A fine balance
It is vital to understand how we are performing in balancing the equation of wealth and well-being. SEDA’s wealth-to-well-being measurement compares a nation’s SEDA score to its GNI per capita, providing a relative indicator of performance in converting wealth into national well-being. Malaysia has a wealth-to-well-being score of 1.21, 20% higher than the global average. Yes, it is above par but Malaysia is losing ground. Our Asean neighbour, Vietnam, has outperformed Malaysia on this measurement with a wealth-to-well-being coefficient of 1.35. In fact, Vietnam’s score has increased from 1.16 since 2008 while Malaysia’s represents a slight fall from 1.26 at the start of the period.
The idea of a well-being budget is new but not unique. New Zealand recently announced intentions to budget and target well-being as a determiner of national success. The UK’s All-Party Parliamentary Group for Wellbeing Economics drafted its own report on how to integrate well-being into national economic strategy. And when it comes to integrating well-being into economic policy, the focus must be on policies that regenerate the benefits for a nation.
It’s time to regenerate, not redistribute
Building a better future for Malaysia means we must commit to the foundations of sustainable success. That means making investments in public goods that can regenerate wealth and well-being through opportunity rather than reactive policies that attempt to redistribute existing wealth in inefficient and ineffective ways. No areas are more important in this regard than education and employment.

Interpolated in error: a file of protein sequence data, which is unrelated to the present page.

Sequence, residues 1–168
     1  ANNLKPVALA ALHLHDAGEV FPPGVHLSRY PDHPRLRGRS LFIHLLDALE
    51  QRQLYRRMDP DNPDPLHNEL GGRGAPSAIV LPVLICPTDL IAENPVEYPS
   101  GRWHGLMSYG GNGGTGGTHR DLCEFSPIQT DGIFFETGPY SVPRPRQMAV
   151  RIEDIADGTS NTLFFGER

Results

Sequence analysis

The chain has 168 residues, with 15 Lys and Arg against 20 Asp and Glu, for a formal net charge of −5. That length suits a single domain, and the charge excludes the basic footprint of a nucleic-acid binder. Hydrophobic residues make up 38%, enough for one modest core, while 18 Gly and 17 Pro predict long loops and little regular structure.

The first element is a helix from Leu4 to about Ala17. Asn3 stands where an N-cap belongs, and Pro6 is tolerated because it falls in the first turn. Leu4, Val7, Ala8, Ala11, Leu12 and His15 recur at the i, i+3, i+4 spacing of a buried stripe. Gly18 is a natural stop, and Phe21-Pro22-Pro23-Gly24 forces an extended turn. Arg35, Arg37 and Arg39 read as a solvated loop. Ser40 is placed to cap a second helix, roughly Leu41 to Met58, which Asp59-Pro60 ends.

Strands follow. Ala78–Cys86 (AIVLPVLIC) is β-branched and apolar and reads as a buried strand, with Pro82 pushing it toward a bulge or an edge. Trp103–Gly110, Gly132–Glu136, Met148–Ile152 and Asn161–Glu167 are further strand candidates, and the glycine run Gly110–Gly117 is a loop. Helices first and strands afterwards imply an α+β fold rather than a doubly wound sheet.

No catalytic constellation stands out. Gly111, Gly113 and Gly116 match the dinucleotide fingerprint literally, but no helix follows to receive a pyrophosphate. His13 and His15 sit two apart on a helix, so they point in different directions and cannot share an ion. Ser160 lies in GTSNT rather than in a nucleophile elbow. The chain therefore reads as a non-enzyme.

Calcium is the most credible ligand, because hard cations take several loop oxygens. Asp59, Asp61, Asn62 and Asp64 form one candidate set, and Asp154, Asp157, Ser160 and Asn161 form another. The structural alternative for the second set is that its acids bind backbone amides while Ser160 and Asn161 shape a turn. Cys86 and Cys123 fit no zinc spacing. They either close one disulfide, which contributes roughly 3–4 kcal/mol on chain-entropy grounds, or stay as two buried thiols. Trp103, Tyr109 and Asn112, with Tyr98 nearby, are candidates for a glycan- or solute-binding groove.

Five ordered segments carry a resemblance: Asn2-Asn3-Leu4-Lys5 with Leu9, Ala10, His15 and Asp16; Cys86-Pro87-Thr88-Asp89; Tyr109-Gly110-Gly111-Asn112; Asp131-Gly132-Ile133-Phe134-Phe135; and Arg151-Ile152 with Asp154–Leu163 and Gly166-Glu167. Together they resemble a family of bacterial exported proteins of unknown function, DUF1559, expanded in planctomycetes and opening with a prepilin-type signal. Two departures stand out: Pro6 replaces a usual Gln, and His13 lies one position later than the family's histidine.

On the SEDA measurement of education, Malaysia continues to outperform the region as a whole. This is in large part because of its stronger starting position a decade ago. But Malaysia’s score has declined 10% while the average percentage change over 12 years for Asean has seen a 9% improvement.
Once again, the direction of travel places a question mark above our success. On the measurement of employment, Malaysia’s results improved slightly in the period of analysis but still fell a full 12 points below the Asean average. If we want to regenerate opportunity in Malaysia, these must be the areas on which we focus.
So, what does the reality look like on the ground? Let’s go back to Vietnam. While Malaysia is embroiled in heated discussion about the introduction of Arabic calligraphy to the curriculum, Vietnam is including computer programming in its.
If Malaysia is to embrace a positive future of well-being for the nation, we must promote a holistic approach to ensure growth is equal, and perceived to be so. That is not just economic figures like GDP but the journey of wealth and well-being in tandem, built on the foundations of success promoted through educational achievement and employment opportunity.
Only by supporting the fundamentals of growth regeneration can we generate well-being for the citizens of Malaysia.
Vincent Chin is global leader of Public Sector Practice at Boston Consulting Group. This is the first of a two-part series in conjunction with Malaysia’s 62nd year of independence. Part Two will explore the need to cultivate the right environment to ensure well-being flourishes in Malaysia.